As part of Radical Essex‘s Architecture Weekend, Luke Turner visits Silver End, Francis Henry Critall’s 1920’s utopian new town:
Radical Essex is an ongoing programme run out of the Southend’s Focal Point Gallery, its mission in part intended to undo some of the contemporary myths and clichés of the county as the home of TOWIE, Basildon man, and the UKIP surge. Their recent Peculiar People exhibition celebrated the radicals who’ve made Essex home over the past 100 years or so, including Crass’ commune at Dial House, the Christian Othona community, various nudists, and the ‘Plotlanders’ – thousands of Londoners who escaped the slums of the East End for a new life in self-built houses in quiet rural backwaters. Yet here, a housing estate can be as radical as any commune, and Silver End is one such place. Francis Henry Critall was a manufacturer of steel-framed windows who built this new factory and idealised village of modernist houses for his workforce on Essex fields in the 1920s. All the needs of his workforce were catered for – there was a large department store, churches, houses assigned according to the ranks of staff designed by leading architects of the day, schools and the biggest village hall in England. This is the base for a Radical Essex weekend focussing on the architecture of the county, with bus tours around sites including the Bata shoe factory on the banks of the Thames estuary, and the seaside town of Frinton-On-Sea.
Silver End’s grand department store burned down in the 1950s, and photographs in the smart memorial garden devoted to Critall show its grand brick columns dissolving into flame. It’s now the site of a much smaller Co-Op, where one might head to find Anadin Extra for a hungover head and glistening slices of salt beef for lunch. In the post office at the back of the shop a woman asks “what’s all this Radical Essex thing?” The reply comes from the postmaster – “something to do with buildings”. The exchange immediately raises the question of who exactly this event is for. The locals, or a bunch of Londoners arriving by out-of-place bus to wander the streets snapping away for Instagram, like me?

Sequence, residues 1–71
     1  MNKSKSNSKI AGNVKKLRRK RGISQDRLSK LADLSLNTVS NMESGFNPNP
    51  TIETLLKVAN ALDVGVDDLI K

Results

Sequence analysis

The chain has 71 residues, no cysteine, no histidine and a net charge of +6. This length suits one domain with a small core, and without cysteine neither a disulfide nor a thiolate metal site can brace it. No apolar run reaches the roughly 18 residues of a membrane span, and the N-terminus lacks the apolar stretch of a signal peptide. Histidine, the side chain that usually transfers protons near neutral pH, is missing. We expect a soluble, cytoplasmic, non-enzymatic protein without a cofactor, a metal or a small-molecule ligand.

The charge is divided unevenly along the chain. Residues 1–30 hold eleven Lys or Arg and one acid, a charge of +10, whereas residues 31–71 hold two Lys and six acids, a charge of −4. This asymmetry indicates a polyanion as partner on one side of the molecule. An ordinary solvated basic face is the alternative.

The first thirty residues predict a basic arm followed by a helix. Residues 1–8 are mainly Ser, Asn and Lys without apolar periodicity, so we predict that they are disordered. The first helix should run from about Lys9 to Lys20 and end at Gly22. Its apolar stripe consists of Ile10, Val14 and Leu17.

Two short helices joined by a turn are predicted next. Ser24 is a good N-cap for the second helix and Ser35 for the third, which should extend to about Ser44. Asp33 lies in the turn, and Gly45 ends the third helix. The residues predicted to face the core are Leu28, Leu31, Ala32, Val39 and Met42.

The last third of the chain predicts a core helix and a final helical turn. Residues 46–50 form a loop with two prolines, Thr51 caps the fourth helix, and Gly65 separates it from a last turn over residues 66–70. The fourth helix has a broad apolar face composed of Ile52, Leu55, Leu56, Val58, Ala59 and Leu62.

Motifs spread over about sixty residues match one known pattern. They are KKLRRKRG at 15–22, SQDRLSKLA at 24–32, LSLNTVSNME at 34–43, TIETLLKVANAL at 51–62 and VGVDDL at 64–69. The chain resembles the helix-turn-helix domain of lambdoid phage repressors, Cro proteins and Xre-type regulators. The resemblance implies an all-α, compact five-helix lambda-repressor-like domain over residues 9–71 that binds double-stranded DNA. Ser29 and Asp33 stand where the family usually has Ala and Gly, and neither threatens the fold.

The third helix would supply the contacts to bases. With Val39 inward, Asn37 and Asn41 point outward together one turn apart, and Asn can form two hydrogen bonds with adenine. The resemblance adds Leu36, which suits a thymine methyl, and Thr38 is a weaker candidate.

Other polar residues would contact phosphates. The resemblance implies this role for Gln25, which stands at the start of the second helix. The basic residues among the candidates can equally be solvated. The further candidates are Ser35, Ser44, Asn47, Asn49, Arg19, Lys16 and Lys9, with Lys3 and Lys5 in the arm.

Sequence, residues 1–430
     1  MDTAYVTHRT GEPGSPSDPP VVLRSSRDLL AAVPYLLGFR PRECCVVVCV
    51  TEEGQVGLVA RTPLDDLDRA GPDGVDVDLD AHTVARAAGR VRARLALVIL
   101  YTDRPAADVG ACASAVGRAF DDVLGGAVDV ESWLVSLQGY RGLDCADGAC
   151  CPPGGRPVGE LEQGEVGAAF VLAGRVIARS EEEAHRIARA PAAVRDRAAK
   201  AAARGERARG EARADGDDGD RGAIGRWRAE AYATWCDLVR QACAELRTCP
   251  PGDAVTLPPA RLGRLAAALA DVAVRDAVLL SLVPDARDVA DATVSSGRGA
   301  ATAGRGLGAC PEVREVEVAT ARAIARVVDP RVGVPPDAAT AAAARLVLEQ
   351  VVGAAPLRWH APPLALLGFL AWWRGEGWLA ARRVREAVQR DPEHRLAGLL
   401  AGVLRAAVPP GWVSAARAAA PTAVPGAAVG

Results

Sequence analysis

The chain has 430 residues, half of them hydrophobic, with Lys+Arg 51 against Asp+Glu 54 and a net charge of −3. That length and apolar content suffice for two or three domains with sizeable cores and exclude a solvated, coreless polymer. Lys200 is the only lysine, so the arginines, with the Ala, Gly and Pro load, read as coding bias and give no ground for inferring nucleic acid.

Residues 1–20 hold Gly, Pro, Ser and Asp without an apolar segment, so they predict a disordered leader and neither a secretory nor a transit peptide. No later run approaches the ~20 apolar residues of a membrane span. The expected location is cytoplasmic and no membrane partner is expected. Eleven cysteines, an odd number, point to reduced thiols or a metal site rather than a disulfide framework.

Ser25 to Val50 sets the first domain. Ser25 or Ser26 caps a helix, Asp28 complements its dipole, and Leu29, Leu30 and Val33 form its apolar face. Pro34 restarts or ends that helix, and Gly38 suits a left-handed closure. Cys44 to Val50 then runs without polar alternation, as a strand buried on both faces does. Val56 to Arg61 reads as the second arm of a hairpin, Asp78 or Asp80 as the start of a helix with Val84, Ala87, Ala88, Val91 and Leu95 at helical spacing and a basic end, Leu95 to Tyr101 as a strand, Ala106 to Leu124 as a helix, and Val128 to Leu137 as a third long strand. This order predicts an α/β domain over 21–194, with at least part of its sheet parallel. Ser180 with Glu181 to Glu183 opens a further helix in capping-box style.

The former town hotel is now a care home, and I peer in through one of Critall’s steel-framed windows to see pensioners’ lips mumbling through their lunch. On the edge of the village sits the farmhouse where the industrialist lived while his estate was built – also now a care home. There’s a certain sadness in this and the Pathé films of Silver End past being screened in the Scout hut, where smartly-dressed people of all ages are filmed about their business in this very new-looking town. The optimism that shaped the clean lines of the modernist architecture has been weathered by the years. Just around the corner from the village hall the site of the Critall factory is now largely cleared and derelict, surrounded by fences warning of guard dogs and prosecution. I wonder what people round here do these days. A sign outside one house on which Tania’s marker pen handwriting suggests that you might be interested in rescued cats and kittens. Boys in crash helmets zip around on off-road bikes. Men get in their cars to drive to the station for an afternoon train to the Olympic stadium to see West Ham lose 4-2 to Watford. A giant order of haddock and chips is placed at the Codfather chip shop, which has a top-end Bentley parked outside. People around here get on with what they do.